PNS Daily Newscast - October 18, 2019 

Baltimore mourns Rep. Elijah Cummings, who 'Fought for All.' Also on our rundown: Rick Perry headed for door as Energy Secretary; and EPA holds its only hearing on rolling back methane regulations.

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While controversy swirls at the White House, the Chicago Teachers Union goes on strike, and retired Admiral Joe Sestak walks 105 miles across New Hampshire.

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Reforming Ethanol Mandate Could be Win for Environment

An Oregon fishing guide says fishers worry about the effects of ethanol on their outboard motors. (Michelle B./Flickr)
An Oregon fishing guide says fishers worry about the effects of ethanol on their outboard motors. (Michelle B./Flickr)
March 12, 2018

PORTLAND, Ore. – A bill to reform the biofuels mandate could reverse a decade of destruction to America's grasslands, according to environmental groups.

The GREENER Fuels Act would gradually reduce the amount of biofuels such as corn ethanol in the nation's fuel supply.

It also would stop more land from being converted into biofuel sources, and invest more than $10 billion to restore lost fish and wildlife habitat in the next 10 years.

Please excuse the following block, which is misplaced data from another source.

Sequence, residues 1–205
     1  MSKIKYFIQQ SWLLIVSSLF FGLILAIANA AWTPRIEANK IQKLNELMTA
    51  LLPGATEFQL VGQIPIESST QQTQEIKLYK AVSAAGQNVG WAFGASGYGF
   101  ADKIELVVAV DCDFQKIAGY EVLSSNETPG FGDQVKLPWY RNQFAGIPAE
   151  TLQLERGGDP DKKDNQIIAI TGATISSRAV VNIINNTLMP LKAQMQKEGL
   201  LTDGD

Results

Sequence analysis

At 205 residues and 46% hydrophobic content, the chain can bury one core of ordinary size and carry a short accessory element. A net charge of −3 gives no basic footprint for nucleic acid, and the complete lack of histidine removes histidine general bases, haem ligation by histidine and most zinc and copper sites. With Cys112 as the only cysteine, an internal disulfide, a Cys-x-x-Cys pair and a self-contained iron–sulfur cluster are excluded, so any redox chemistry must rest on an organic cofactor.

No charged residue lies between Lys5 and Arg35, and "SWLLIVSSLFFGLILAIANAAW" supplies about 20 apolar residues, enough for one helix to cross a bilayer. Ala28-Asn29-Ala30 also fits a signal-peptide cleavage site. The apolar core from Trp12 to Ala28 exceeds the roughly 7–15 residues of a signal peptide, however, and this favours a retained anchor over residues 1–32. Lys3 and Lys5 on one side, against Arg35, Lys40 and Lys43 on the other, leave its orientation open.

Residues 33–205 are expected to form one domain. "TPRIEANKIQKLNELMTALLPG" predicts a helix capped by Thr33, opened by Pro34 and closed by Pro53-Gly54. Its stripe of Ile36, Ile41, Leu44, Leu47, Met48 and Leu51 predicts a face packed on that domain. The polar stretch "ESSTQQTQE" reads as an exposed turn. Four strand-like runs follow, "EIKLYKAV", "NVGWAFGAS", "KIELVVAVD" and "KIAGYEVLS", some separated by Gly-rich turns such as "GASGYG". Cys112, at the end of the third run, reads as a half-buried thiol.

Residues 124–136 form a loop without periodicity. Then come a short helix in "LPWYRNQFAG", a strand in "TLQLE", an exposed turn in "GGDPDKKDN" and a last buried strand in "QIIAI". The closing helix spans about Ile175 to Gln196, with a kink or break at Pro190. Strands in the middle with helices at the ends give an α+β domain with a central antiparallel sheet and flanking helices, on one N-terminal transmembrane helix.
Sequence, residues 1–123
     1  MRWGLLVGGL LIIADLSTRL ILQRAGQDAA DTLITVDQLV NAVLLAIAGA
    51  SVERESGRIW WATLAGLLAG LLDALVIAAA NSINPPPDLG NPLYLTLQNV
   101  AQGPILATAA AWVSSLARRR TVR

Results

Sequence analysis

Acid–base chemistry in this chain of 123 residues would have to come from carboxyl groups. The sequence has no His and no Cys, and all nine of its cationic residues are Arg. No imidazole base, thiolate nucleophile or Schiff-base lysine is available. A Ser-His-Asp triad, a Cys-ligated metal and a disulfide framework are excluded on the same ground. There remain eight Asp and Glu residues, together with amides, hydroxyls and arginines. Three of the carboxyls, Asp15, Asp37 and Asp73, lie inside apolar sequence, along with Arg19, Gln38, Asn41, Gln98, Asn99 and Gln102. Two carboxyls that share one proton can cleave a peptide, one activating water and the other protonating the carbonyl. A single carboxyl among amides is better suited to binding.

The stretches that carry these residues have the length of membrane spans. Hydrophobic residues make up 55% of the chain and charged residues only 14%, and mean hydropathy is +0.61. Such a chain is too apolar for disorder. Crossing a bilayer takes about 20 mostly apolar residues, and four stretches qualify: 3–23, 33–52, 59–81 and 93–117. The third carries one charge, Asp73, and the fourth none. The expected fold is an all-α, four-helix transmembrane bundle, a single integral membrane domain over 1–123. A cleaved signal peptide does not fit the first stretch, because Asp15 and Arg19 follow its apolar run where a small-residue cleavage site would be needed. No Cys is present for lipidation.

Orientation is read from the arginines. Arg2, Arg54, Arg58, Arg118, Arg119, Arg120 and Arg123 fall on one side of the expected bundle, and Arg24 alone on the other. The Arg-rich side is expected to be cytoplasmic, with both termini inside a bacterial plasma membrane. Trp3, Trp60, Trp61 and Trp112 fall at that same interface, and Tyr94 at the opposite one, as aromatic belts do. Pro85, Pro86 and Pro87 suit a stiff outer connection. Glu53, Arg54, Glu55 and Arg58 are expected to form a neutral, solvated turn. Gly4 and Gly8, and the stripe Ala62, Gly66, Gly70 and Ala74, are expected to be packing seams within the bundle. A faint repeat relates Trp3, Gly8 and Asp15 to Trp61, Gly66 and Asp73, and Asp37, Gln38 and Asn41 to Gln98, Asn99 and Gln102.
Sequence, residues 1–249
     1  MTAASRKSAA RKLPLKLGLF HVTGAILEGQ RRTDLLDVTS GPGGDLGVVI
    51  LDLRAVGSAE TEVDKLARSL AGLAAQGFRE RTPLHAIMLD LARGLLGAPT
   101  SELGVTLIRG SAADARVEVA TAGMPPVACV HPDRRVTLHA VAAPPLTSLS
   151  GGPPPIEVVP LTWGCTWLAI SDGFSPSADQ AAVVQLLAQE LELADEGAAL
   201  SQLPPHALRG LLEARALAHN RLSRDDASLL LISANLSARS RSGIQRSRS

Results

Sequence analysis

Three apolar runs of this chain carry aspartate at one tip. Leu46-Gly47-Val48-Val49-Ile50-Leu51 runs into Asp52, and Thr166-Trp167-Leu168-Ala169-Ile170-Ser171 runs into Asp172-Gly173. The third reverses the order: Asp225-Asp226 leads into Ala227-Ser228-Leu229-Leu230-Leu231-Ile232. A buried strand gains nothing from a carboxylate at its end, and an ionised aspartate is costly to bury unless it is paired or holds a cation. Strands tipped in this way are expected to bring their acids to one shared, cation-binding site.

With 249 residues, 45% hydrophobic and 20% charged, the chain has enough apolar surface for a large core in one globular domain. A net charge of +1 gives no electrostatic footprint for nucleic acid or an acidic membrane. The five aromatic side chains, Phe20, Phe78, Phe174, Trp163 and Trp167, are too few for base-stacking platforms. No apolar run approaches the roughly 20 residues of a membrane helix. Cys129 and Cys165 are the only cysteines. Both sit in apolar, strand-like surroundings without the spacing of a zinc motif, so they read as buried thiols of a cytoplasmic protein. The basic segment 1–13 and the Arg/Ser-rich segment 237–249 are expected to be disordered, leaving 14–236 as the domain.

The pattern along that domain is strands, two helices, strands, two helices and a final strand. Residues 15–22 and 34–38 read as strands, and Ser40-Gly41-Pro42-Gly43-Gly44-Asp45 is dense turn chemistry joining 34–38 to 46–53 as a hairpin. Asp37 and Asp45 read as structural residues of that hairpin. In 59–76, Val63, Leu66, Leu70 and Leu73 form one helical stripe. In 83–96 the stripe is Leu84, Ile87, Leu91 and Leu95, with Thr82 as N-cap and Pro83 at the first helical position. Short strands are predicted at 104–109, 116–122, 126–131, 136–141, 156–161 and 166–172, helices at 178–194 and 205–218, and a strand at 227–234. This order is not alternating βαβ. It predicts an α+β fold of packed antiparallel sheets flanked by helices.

More than 7 million acres have been plowed to make way for corn and soy since the fuel standard went into effect in 2007, including in Oregon.

Bob Rees, a fishing guide and executive director of the Association of Northwest Steelheaders, says there's another reason why fishers support the GREENER Fuels Act.

"The additional expenses that's come about through the ethanol mandate with the havoc that ethanol places on our outboard motors – not just a safety factor, but the fact that we're expending more money than we historically have in motor repairs and breakdown costs, loss of fishing days, because our boats are in the repair shop," he states.

Rees adds corn and soy croplands are water intensive, putting another strain on natural resources.

But supporters of the renewable fuel standard say ethanol also has some environmental benefits that this bill would undermine.

Collin O'Mara, president and CEO of the National Wildlife Federation, maintains the legislation could correct a mistake Congress made 10 years ago.

"It minimizes the impacts on the landscape and actually invests in the restoration of America's grasslands and other habitat that's been impacted, while at the same time moving us toward cleaner, more sustainable fuels, which then reduce emissions and help fight climate change," he points out.

O'Mara says the bill would eliminate a loophole that allows older biofuel plants to bypass climate pollution standards. It also would incentivize truly renewable biofuels, such as those derived from farm waste and plant cellulose.

Eric Tegethoff, Public News Service - OR